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Further education is a crucial sector that needs more investment to deliver its full potential. That is why the Government have committed to putting an extra £400 million into 16-to-19 education in 2020-21.
It has been estimated that there is a pay gap of more £7,000 between teachers in schools and teachers in FE colleges. Does the Secretary of State agree that the current Office for National Statistics classification of FE colleges as non-profit institutions serving households—NPISH status—is hindering the ability to address this growing pay gap?
I am sure the hon. Lady is aware that colleges in England are independent and able to set their own staff terms and conditions. We have committed to extra funding for those colleges into the next financial year and continue to back them with more funding through investment and capital.
My right hon. Friend knows from his own experience the importance of further education, but he has also seen the excellent education and training provided at Dudley College. What assurances can he give that such colleges will have the funding resources they need for the roll-out of T-levels to make this scheme a big success?
My hon. Friend raises a valuable point about how vital T-levels are for the success of our colleges and the whole education system. We have committed £500,000 a year to support the roll-out of T-levels plus capital investment. Dudley College is a magnificent institution that we are turning into an institute of technology. We are rolling out 20 of those across the country. We want people to understand how vital our colleges are to delivering the world-class education, technical and vocational, that this country needs.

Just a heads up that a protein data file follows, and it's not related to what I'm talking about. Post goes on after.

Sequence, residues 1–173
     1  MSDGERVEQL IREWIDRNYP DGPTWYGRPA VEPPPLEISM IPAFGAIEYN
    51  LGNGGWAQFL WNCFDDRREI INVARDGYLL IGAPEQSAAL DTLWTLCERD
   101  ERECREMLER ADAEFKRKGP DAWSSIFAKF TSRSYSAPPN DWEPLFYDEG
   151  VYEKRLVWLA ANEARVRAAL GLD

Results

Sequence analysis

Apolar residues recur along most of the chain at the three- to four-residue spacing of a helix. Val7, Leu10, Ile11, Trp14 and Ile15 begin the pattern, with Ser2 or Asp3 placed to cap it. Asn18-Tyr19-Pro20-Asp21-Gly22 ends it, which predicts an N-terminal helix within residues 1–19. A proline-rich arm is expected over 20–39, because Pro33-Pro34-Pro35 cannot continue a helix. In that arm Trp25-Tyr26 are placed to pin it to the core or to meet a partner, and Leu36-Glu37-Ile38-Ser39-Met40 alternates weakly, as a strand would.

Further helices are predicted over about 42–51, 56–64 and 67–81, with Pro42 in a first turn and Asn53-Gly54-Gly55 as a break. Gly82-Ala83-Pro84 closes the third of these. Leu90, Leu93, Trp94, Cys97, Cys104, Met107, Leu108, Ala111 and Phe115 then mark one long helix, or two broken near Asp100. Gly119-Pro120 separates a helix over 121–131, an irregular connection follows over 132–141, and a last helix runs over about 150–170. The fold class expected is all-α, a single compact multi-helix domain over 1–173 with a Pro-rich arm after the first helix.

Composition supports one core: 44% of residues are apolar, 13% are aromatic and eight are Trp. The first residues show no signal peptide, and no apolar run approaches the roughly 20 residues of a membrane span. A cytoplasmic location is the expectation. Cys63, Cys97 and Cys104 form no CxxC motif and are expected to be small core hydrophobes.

More than three quarters of sixth-form colleges do not believe they have the funding they need to support disadvantaged students. The FE sector, the Education Committee and the Labour party speak with one voice in supporting the Raise the Rate campaign to increase per-pupil funding to £4,760. Despite warm words from the Secretary of State, the funding needed has not appeared. He talks about it being a crucial sector, so when will he make good on his promise to work hand in glove with the FE sector by both restoring the position of FE and Skills Minister and raising the rate to £4,760?
I welcome the hon. Lady to her position and wish her the very best in her new role, although I thought she was a little ungenerous in her comments. Just in the past six months, we have delivered an extra £400 million for 16-to-19 education; committed an extra £1.8 billion to FE colleges’ funding; and created a national skills fund to be delivered over three years, worth more than £3 billion. In my judgment, that is a lot of money and a real investment in our college sector. We are giving them the opportunity to achieve so very much. We see the opportunity and have every confidence they will deliver.[This section has been corrected on